In-depth reviews

DS 4 E-TENSE review

The DS 4 E-Tense is an unusual take on the premium hatchback formula, but certainly isn’t without merit

Overall rating

3.5 out of 5

Pros

  • Comfortable
  • Luxurious cabin
  • Strong kit list

Cons

  • Rear seat-practicality
  • Light, numb steering
  • Electric version not due until 2024
Car typeElectric rangeFuel economyCO2 emissions
Plug-in hybrid35 miles183.8mpg34g/km

You’d be hard-pushed to compare DS’s new model onslaught with, say, Audi, BMW or Mercedes, but that’s not to say the flashy French brand hasn't been working hard to build up a selection of compelling products for those not taken by the German establishment.

If we ignore the rebadged Citroens sold by DS in the early 2010s, the more recent DS 3 and DS 7 SUVs hold appeal in their own right, while the DS 9 saloon offers a comfort-focused take on the company car formula. Now though, it’s the turn of the DS 4 – a hatch-cum-crossover designed to hit the Mercedes A-Class exactly where it hurts.

The DS 4 is available with a selection of conventional petrol and diesel engines but a pure-electric model isn’t due until 2024. For now, those wanting an electrified DS 4 will need to make do with the E-Tense plug-in hybrid – featuring the familiar petrol-electric powertrain now commonplace across a variety of Peugeot, Citroen and DS models.

It utilises the same 1.6-litre turbo petrol engine as you’d find in the non-plug-in model, mated to an electric motor for a combined power output of 222bhp. Electric range stands at 35 miles in official tests, though during our time with the car we managed around 28-30 miles in mixed driving; ramping up the regenerative braking helps preserve the battery’s charge, especially in town.

Those figures translate to a Benefit-in-Kind (BiK) tax rating of 12% right through to 2025; favourable versus a petrol car, but some way shy of the Mercedes A 250 e (8%) – or indeed any pure-electric model, which will sit in the 2% bracket from 2022. 

Charging is relatively straightforward, though; a 7kW home wallbox will top up the 12.4kWh battery in just two hours, while a three-pin plug performs the same task in around seven hours.

Inside, the designers have toned down the cabin, losing some of the chintzy trim and diamond patterns found on the DS 7 or DS 9. But even before you push the starter button, the DS 4 presents you with an impressive interior that’s laden with some of the finest materials you’ll spot in anything this side of a premium saloon; the leather steering wheel has been stitched by hand, for example.

Every model gets a 10-inch touchscreen and a seven-inch digital driver’s display, with the former featuring new graphics and customisable shortcut buttons. It’s more responsive than previous DS setups, and on higher-spec models works in conjunction with a touchpad on the centre console, which can be used to access regular functions such as navigation, or your favourite radio station. It works well, and in time, using it could become second nature.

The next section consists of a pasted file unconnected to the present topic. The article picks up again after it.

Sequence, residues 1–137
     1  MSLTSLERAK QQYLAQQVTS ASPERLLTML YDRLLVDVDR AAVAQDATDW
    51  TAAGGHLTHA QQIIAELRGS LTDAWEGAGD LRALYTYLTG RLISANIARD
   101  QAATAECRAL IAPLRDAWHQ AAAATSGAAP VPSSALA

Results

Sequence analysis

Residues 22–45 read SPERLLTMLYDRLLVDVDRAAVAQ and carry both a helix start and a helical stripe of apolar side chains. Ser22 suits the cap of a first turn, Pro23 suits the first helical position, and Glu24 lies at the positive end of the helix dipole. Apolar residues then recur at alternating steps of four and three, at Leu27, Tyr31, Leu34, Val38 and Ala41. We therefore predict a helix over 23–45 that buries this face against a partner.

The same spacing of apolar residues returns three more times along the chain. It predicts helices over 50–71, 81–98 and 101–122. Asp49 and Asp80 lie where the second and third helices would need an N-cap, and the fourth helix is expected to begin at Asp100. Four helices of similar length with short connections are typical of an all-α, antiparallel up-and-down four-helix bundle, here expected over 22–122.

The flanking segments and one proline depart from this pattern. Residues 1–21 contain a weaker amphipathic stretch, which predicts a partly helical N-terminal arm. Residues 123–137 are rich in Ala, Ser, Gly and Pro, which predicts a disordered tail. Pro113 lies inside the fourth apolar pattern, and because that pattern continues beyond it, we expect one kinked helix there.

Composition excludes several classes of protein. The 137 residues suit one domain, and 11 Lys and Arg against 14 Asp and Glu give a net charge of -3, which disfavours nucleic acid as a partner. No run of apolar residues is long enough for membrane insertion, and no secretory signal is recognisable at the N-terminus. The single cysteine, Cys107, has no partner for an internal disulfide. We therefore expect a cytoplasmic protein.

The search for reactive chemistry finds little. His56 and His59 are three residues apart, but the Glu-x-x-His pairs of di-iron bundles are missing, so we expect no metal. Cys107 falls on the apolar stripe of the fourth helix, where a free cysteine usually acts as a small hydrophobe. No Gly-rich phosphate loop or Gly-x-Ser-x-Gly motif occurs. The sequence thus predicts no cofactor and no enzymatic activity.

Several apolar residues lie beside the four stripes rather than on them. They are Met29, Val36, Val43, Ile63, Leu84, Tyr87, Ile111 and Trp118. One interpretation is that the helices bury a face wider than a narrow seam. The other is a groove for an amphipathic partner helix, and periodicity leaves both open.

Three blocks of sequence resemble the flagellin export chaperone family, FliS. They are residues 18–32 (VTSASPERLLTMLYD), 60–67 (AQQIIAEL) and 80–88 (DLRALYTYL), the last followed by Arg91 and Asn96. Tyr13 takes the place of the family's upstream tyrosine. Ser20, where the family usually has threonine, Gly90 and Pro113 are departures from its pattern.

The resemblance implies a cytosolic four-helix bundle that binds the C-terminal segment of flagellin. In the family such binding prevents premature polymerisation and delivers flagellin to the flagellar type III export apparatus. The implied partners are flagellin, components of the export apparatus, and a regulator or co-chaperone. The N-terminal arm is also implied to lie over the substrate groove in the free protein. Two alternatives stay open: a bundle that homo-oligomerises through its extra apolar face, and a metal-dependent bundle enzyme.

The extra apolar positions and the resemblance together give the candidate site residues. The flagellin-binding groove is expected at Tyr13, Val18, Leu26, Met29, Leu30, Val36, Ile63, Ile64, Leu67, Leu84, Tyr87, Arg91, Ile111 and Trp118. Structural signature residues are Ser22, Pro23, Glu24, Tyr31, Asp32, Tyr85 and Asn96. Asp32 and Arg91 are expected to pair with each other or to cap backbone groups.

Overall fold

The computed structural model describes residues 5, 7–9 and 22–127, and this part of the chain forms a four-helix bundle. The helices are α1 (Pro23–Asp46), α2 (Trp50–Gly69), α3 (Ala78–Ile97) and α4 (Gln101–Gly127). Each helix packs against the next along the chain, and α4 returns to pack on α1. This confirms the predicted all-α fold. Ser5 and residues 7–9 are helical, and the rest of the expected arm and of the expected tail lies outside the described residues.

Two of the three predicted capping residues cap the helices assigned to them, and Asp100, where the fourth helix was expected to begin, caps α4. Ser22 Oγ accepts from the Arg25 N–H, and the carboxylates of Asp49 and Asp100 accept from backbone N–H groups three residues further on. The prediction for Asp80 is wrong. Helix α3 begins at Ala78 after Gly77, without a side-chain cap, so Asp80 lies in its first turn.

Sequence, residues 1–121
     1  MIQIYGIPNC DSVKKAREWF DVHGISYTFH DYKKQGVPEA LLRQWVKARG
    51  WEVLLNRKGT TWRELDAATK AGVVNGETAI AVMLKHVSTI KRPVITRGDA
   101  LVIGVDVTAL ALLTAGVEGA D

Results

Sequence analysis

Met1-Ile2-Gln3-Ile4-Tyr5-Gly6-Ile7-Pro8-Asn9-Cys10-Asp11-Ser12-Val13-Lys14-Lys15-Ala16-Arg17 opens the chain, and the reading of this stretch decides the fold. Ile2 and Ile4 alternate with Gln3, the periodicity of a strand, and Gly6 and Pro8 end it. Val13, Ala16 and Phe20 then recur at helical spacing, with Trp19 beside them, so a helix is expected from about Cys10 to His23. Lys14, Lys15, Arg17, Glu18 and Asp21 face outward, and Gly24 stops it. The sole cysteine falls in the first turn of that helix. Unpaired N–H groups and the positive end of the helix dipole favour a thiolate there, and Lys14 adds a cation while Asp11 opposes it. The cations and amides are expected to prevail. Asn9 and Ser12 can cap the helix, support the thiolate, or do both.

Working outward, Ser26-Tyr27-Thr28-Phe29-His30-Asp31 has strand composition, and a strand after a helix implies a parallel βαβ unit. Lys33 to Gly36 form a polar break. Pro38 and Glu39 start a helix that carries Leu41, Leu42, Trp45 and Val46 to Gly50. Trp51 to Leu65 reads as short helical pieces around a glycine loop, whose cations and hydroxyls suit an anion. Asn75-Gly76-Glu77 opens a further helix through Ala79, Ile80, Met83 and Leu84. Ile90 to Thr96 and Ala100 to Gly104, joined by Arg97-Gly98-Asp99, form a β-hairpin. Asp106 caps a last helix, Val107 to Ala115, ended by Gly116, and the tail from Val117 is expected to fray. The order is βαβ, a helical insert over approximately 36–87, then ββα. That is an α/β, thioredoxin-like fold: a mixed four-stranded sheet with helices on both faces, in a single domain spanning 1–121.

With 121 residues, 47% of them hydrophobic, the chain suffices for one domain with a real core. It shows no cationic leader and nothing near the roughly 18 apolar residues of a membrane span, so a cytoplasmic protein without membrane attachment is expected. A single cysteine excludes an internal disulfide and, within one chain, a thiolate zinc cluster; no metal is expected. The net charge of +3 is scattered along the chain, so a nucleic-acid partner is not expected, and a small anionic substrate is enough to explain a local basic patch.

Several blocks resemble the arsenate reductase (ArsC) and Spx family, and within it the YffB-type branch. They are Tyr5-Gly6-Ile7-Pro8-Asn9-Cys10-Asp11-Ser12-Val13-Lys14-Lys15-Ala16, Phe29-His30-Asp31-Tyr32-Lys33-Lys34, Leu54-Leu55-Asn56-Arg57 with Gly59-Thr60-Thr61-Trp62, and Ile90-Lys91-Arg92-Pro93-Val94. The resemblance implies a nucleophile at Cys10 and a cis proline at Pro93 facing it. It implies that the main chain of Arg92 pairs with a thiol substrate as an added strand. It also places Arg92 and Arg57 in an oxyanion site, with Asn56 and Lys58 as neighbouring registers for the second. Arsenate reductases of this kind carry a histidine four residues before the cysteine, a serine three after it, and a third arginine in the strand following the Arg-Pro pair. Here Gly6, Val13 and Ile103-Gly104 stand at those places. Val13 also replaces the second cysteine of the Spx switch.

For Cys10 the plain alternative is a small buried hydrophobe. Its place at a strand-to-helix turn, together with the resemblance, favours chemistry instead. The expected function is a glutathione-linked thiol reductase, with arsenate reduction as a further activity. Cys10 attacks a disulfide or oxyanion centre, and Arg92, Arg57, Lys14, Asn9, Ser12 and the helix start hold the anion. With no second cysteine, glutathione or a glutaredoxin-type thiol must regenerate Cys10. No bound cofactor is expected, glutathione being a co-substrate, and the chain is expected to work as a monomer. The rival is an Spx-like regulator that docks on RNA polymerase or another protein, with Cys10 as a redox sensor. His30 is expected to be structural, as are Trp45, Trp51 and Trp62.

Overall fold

Starting with a full battery means the car runs on electric power by default. However, to get the best from the DS 4 you’ll need to shuffle the drive mode to Comfort, which makes maximum use of the standard-fit (for E-Tense models) Active Scan Suspension. The system operates via a camera on the windscreen that surveys the road for potholes or imperfections, prepping each wheel in advance to cushion the ride. It works well, making the DS 4 easily one of the most comfortable cars in this class.

The trade off is a fairly inert driving experience. The steering is light in all driving modes and lacks any kind of feel or feedback. Body control is fine, but the DS 4 can’t match a BMW 1 Series or even an Audi A3 for driver fun. The gearbox shifts pretty sweetly, though, and the hybrid powertrain is hushed until you really floor the accelerator.

Doing so reveals adequate but not spellbinding performance. The 0-62mph sprint is taken care of in 7.7 seconds, but the electric motor does a good job of successfully covering any flat patches that might be left by the turbocharged engine, meaning more often than not it feels quicker than the numbers suggest. The regenerative brakes aren’t particularly strong, but they work effectively, putting charge back into the battery that might otherwise be lost.

When it comes to practicality, boot space is largely on par with rivals – bigger than an Audi A3 TFSIe or a SEAT Leon e-Hybrid, in fact. However, at 390 litres the E-Tense’s load area is 40 litres smaller than the pure petrol model’s – and there is no underfloor storage for keeping the charge cables while they’re not in use. Space in the rear seats is compromised, too; both head and leg room are tight for taller adults.

The DS 4 is on sale now, with the brand playing on the car’s claimed “high-end customer experience” – be that before the point of order, through the sales process, or once the car has been delivered. Prices for the E-Tense start at £34,600 for the Performance Line trim, rising to £40,100 for the flagship Rivoli. On some specs, buyers can opt for the SUV-styled Cross model for an extra £600, though the changes here are completely visual – even the ride height is unchanged.

Performance Line cars get a “more athletic look” and 19-inch wheels, LED lights and a parking camera, plus Alcantara upholstery and that 10-inch touchscreen. Above that sits the Performance Line+, which brings extra infotainment features, a head-up display and various semi-autonomous drive functions.

Trocadero models have a more premium style, with what DS calls ‘Tungsten Diamond cloth’ for the interior. Aside from the visual and trim material upgrades, these cars largely mirror the Performance Line cars for kit. Rivoli models top the range, with all the Performance Line+ features, plus black leather trim and matrix LED lights.

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